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shameless pleading

In droves

Walking my cow. Why?

Dear Word Detective: Is there not a phrase “coming out in droves” or do I have “droves” wrong? And if “droves” is indeed correct, what does it mean? — Ron Burkey, Jr.

Ah, the sound of a man doubting his own sanity. I know it well. Every so often I’ll find myself typing or saying something that makes perfect sense to me, but which fails, for some reason, to mean anything useful on Planet Earth. A few years ago I convinced myself that I had grown up using the word “stinch,” meaning “to be stingy.” No such word (except as an obsolete 15th century form of “stanch”), according to every dictionary I own. Apparently I had been combining “stint” (which does mean “restrict”) with “stingy” or “skimp.” But at least I wasn’t alone; the impetus for my investigation was a question from a reader also convinced that “stinch” was an accepted word.

In the case of “droves,” however, you’re on solid ground. “Droves” is not only a real word, it’s a very popular one. Google News at the moment lists more than 2,000 news stories using the word (e.g., “New Yorkers leaving the state in droves,” AP, 8/02/11). And you don’t even have to be human to qualify as a “drove,” provided there are enough of you (“Toadlets cross Chilliwack roads in droves” and “Stink bugs showing up in droves” being two recent headlines).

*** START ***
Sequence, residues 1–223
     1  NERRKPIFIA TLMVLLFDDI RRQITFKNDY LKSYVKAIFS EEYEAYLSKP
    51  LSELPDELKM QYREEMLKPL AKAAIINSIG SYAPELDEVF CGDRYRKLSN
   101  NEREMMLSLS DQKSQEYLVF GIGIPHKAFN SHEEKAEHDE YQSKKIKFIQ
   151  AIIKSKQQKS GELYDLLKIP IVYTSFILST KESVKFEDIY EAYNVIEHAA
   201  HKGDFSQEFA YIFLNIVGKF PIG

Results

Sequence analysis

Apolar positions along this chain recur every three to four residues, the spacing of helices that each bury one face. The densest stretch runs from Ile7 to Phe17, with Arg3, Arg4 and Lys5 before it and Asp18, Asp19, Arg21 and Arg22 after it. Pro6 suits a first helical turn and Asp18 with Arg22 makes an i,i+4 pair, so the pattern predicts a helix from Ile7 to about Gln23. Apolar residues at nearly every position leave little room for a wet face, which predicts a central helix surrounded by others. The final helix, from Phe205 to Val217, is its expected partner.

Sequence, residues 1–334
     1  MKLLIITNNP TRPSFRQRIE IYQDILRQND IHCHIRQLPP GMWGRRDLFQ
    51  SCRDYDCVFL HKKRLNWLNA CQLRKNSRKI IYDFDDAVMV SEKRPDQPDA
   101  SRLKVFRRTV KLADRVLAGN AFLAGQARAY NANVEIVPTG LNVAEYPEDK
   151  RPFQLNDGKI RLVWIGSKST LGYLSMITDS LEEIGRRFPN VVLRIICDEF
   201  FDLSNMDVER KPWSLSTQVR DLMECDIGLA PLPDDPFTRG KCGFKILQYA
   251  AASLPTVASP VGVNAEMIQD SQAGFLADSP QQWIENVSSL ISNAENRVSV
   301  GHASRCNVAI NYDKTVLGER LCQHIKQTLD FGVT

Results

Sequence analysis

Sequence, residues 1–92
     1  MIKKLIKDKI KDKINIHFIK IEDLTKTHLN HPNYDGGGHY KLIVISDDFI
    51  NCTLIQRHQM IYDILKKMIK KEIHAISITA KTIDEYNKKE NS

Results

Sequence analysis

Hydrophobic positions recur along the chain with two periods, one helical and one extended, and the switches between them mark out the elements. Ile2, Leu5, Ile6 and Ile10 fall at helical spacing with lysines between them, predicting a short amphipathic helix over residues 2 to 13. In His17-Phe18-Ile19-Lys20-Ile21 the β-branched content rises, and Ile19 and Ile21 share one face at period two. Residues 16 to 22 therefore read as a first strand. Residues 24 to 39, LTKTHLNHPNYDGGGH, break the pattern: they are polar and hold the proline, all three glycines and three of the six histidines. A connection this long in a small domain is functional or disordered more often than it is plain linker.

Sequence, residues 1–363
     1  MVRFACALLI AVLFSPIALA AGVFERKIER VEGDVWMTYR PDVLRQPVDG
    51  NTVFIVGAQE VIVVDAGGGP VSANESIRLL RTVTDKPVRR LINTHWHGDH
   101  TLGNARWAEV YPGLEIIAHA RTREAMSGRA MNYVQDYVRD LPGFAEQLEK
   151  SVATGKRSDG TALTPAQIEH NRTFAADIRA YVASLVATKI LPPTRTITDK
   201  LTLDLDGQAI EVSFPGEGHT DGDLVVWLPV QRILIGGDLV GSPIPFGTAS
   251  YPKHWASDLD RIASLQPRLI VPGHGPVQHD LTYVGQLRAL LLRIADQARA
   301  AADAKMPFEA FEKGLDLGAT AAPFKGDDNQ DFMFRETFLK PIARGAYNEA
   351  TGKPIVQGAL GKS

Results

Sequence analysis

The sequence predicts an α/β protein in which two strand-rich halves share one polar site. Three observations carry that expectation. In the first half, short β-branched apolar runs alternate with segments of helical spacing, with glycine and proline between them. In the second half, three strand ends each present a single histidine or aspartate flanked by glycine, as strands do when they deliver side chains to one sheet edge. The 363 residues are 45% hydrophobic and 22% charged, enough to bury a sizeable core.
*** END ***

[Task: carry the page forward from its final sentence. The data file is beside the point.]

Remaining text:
“Drove,” of course, is familiar to us as the past tense of the verb “to drive” (“Having nothing better to do, Bob drove to Cleveland and almost immediately regretted it”). “Drive” as a verb, derived from Germanic roots, originally carried the sense of forcing people or animals to move forward by pushing or threatening from behind (a sense that was somewhat weakened in the 16th century by the adoption of “drive” to mean “operate a vehicle pulled by horses, oxen, etc.”).

“Drove” is a noun derived from the verb “to drive,” and when it first appeared in Old English, it meant simply “the act of driving or herding” a herd of livestock, flock of sheep, etc. By the 12th century, however, “drove” had come to be applied to the group of animals that was being “driven.” Eventually, “drove” expanded yet further, and was used to mean a large group of animals, people or other entities, moving together as a group for whatever reason, not necessarily because the group was being “driven” by force (“Singapore fans turned up in droves to watch the Lions reach the third round,” 7/28/11). Although “drove” in the singular now means “a large group of animals, people or things,” the word is almost always used in the plural form “droves.”

While “driver,” the agent noun formed on the verb “to drive,” has developed a wide range of literal and figurative meanings, from golf clubs to economic mechanisms (“Consumer spending, a key driver of the economy, did not grow at all in the second quarter,” AFP, 8/06/11), the agent noun of the verb “to drove,” which appeared in the 17th century meaning “to herd,” hasn’t changed much at all. A “drover” is a person who “drives,” in the original “force from behind” sense, a herd of animals, usually cattle, to market (“Scores of highly born and bred men live by droving cattle,” 1881). The cowboys that figure so prominently in US history, TV and movies were, in many cases, “drovers” who spent their days convincing “droves” of reluctant cattle to march to market.

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